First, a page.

Gardening with Children

Family Zone

Prepare your garden for Winter

Date Posted: 01 November 2016

 

Make Leaf Mould Compost

Fallen leaves can be a nuisance, put them to good use and turn them into wonderful nutrient rich leaf mould, rake them up (often easier when they are damp) and store them for 12/14 months to rot down, keep the leaves damp and turn them occasionally, shredding the leaves first will speed things up. If you have a small amount place them in Jute Leaf Sacks which will rot down too, medium quantities can be stored in a Jumbo Leaf Mould Compost Bin, for large quantities store in a Wooden Leaf Mould Compost Bin, if this gets full simply add an extension module, invest in a pair of Handy Hands Leaf Collectors to make the job easier.

Jute Leaf Composting Sacks

Empty your Compost Bins

You may have accumulated a lot of waste vegetation over the last 12 months, now is the time to empty your compost bins and spread the well-rotted compost in a thick layer over your empty vegetable beds and on your flower borders, during the winter the worms will draw it into the soil for you. Return any garden waste that has not rotted down to the compost bin and cover with a Compost Duvet to retain heat and keep your compost worms warm and active, whilst empty replace any damaged boards or posts, allow to dry out and retreat with a preservative, it is a good idea to turn your boards inside out to extend their life.

Harvest and store any remaining crops

Harvest any remaining crops and store them somewhere cool and airy, check them regularly and remove any that show signs of rotting. Store each type of fruit separately, place on slatted shelves in a wooden fruit store or in stacking wooden crates that will allow air to circulate. Lay fruits in a single layer, not touching each other and handle carefully to avoid bruising. Wrapping apples individually in newspaper or tissue paper can help them keep longer but can be a hindrance when checking the fruit. Pears tend to ripen quicker especially in warmer temperatures, it is advisable to remove any ripe fruit as it can speed up the ripening of the remaining fruit.  Carrots, Beetroots and Swedes store well, cut off the leafy tops and place them in a single layer in wooden crates covered in sand or peat to prevent them from drying out and becoming rubbery. Parsnips can be left in the ground; their flavour will sweeten with the frost.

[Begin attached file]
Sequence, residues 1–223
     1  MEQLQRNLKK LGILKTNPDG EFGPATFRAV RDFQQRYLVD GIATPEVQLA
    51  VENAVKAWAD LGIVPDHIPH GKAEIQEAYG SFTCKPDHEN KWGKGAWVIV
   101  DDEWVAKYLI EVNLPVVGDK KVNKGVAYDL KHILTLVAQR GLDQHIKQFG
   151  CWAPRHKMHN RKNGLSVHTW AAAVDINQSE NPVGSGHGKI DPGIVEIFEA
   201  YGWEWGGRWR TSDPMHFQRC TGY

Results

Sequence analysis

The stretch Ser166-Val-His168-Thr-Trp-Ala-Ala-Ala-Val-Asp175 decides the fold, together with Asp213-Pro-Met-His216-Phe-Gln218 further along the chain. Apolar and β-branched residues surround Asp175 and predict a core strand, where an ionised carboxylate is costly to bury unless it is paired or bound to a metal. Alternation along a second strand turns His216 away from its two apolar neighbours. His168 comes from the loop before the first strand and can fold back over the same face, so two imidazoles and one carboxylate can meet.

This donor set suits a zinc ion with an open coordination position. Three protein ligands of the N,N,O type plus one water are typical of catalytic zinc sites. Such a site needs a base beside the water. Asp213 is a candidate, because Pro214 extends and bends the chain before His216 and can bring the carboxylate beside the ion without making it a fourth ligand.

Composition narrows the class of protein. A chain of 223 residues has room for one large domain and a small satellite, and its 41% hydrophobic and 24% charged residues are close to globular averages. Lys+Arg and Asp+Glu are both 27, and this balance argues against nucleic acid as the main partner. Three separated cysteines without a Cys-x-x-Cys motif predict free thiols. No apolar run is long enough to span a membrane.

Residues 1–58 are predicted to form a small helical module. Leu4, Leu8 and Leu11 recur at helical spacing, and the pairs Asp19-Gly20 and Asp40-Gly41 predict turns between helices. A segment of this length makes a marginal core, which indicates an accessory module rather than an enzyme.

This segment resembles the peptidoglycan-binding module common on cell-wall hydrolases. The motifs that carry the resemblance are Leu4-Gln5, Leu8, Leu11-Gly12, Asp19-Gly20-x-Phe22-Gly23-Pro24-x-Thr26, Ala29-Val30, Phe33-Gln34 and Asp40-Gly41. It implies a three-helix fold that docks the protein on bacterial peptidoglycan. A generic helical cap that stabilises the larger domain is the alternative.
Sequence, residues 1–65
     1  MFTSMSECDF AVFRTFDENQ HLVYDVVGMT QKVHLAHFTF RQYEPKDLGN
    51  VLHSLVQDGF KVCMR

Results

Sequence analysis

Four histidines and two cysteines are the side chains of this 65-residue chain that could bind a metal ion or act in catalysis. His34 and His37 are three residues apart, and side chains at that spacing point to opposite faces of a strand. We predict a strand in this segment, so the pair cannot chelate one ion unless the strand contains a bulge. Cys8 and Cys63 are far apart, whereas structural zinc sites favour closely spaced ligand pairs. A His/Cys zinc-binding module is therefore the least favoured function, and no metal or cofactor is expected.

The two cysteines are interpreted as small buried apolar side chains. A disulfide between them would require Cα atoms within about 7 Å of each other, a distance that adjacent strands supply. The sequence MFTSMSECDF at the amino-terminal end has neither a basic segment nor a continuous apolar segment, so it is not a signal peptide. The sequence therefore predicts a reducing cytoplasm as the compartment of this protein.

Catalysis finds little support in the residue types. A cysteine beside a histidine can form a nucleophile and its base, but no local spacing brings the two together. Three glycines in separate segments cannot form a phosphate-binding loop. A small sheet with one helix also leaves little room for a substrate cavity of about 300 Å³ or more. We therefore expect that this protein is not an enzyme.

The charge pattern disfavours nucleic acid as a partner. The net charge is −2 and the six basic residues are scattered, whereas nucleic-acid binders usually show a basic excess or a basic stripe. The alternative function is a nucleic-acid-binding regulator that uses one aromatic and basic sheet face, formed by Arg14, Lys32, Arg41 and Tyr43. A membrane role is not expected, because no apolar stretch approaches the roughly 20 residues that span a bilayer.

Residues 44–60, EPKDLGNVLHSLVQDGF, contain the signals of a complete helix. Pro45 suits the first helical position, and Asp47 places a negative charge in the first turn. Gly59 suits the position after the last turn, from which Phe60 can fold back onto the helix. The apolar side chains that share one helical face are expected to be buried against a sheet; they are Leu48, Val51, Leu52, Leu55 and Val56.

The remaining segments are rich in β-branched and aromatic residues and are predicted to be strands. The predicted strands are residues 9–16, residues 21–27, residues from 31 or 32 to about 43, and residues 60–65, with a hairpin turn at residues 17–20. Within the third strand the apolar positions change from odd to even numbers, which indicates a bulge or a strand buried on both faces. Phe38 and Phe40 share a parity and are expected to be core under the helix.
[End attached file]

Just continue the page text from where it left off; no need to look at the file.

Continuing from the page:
Tubby Stack Pack Wooden Storage Boxes and Crates

Re-organise the shed

Sheds are designed for storage but can soon get cluttered up especially in winter when they become homes for the garden furniture, BBQ and stored fruit/vegetables, if you have a free day have a good clear out and re-organise your potstools and gardening equipment, be ruthless throw away anything that’s broken or hasn’t been used. Clean and maintain your tools and equipment, take the lawnmower in for a service ready for Spring, sharpen secateurs, shears, knives and loppers and oil all the metal parts to prevent rust forming, apply a coat of Linseed Oil to wooden handles, and finally make some room so that you can do repairs or jobs out of the cold and wet.

Adjustable Tool Rack

Clean the greenhouse

Once your greenhouse crops have finished, place the foliage in your compost bin and the spent compost on the borders or vegetable beds. To reduce the problem of over wintering pests and diseases de-clutter and remove everything, give the glass a good clean inside and out with a mild disinfectant, wash the stagingscrub the floor then rinse down, bring everything back in, open the windows and doors fully and keep well ventilated until it has thoroughly dried out, pots and trays can be cleaned later on. Tender Plants can be brought in and stored for the winter, check and remove any pests that may want to come too!